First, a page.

On 28 May 2020, after consultation with the relevant cabinet members, Minister Dlamini Zuma determined that alert level three will apply from 1 June 2020, and issued regulations governing alert level 3.
Regulation 37(1)(e) of the newly issued regulations provides that "a professional non-contact sport match [may be played, provided that such a match] . may only include players, match officials, journalists and medical and television crew, as per directions issued by the Cabinet member responsible for sport after consultation with the Cabinet member responsible for health".
Regulation 39(2)(b), read with regulation 39 (1), provides that "sports grounds and fields and swimming pools [are closed to the public], except for training of professional athletes and professional non-contact sports matches as referred to in regulation 37(1)(f)".
There are three peculiar features in the abovementioned regulations. First, there is no regulation 37(1)(f) and it therefore appears that regulation 39(2)(b) contains a typographical error and was meant to refer to regulation 37(1)(e). Secondly, and more significantly, it is unclear whether regulation 39(2)(b) permits the training of all athletes, or only those engaged in professional non-contact sports matches. Thirdly, "non-contact sports" are undefined.
Can contact sport teams train?
There ought to be no controversy about the clear typographical error in regulation 39(2)(b), and the reference to regulation 37(1)(f) should read regulation 37(1)(e). Even with the correction of this typographical error, these provisions remain ambiguous. It may mean that all professional athletes can gather at sports grounds and swimming pools for training purposes and in addition, there can be professional non-contact sports matches at such grounds and swimming pools. On the other hand, it could mean that "professional athletes" is to be restrictively interpreted to refer only to the category of athletes which is referred to in regulation 37(1)(e), being those athletes involved in non-contact sports matches.
In our view, the better interpretation is that the reference to professional athletes in 39(2)(b) is intended only to be a reference to professional athletes engaged in non-contact sports matches. If this were not the case, you could have the absurd scenario where professional players play contact sport in training, when that clearly does not appear to have been government's intention. In interpreting these regulations, we have to bear in mind that the purpose behind the regulations is to contain the spread of the Coronavirus.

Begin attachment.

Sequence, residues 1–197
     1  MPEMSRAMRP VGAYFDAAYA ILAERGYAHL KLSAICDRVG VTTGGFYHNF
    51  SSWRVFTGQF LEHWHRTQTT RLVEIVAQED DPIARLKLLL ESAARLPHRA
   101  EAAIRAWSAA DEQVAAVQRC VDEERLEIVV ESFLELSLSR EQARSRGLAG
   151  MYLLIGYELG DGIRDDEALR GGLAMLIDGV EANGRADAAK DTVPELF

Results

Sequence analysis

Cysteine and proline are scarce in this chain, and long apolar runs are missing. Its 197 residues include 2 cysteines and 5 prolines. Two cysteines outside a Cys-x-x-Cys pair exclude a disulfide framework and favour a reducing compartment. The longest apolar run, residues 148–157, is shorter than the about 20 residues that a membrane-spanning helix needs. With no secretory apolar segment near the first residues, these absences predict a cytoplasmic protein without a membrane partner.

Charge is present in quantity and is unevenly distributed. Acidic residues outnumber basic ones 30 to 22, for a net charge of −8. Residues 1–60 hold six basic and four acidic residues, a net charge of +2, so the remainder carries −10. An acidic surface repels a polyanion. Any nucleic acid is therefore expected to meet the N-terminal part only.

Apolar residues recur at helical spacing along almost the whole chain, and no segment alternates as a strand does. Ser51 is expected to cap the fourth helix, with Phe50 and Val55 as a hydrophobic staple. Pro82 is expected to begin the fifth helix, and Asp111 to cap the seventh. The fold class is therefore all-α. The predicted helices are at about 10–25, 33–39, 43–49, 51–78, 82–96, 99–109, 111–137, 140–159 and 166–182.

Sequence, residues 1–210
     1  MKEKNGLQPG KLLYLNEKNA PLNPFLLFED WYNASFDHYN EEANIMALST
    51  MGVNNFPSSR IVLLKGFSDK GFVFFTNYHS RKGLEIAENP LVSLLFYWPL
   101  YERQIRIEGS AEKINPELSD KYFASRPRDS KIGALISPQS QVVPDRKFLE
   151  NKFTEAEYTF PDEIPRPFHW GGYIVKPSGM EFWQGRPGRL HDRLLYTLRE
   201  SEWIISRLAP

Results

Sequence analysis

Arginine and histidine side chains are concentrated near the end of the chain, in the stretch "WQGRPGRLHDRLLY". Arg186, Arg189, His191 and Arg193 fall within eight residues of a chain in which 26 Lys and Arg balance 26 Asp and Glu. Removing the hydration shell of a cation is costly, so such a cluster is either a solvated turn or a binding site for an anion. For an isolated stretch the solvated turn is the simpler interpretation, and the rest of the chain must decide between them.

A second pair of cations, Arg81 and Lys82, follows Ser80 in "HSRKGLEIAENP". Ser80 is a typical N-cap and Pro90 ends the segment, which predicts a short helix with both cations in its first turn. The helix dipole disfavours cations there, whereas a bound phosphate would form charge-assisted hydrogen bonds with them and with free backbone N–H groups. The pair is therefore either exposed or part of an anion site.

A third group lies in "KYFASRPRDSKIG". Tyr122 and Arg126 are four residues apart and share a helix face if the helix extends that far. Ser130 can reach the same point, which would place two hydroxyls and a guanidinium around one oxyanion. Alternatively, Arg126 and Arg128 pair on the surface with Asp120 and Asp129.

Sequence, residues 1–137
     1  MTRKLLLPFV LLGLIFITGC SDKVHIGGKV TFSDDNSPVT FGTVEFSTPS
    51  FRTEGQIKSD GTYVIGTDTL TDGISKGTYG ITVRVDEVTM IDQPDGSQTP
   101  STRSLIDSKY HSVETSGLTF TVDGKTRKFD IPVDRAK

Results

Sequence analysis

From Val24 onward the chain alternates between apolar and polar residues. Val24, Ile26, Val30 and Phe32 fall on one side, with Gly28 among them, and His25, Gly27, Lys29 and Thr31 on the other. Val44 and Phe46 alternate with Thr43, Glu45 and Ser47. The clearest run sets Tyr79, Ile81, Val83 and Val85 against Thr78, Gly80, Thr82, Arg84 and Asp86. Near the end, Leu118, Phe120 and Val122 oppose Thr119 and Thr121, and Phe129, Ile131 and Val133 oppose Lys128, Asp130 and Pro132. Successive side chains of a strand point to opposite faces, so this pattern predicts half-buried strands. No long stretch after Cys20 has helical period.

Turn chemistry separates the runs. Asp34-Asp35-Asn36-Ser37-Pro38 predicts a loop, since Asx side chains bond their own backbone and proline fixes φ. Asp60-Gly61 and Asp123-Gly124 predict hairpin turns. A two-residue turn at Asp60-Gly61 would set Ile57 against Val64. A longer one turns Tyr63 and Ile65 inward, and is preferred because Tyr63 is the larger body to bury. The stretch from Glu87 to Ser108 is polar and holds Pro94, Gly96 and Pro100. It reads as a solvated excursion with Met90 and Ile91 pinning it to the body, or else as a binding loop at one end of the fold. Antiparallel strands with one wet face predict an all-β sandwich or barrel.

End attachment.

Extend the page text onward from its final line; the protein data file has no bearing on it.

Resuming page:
However, the Minister of Sport said in an address on Saturday 30 May 2020, that professional soccer and rugby players will be allowed to train during alert level 3 and there will be further engagement with the relevant sporting bodies in this regard. We therefore do anticipate that the Minister of Sport will issue further regulations or directions to allow professional soccer and rugby players to train during alert level 3.
What is a non-contact sport?
It is clear that sports such as soccer, rugby, boxing, netball, water polo and basketball constitute "contact sports", and that sports such as golf, running, tennis and cricket do not. But where do sports like team sailing, swimming, polo and action cricket lie? Unfortunately, the regulations do not provide guidance in this regard.
Regulation 37(1)(e) contemplates the Minister of Sport, after consultation with the Minister of Health, issuing further directions and hopefully when such directions are issued, there will also be greater clarity on which sport qualifies as a non-contact sport and is therefore permitted under alert level 3 and under what conditions professional contact sportspeople can train.
Originally published29 May 2020.
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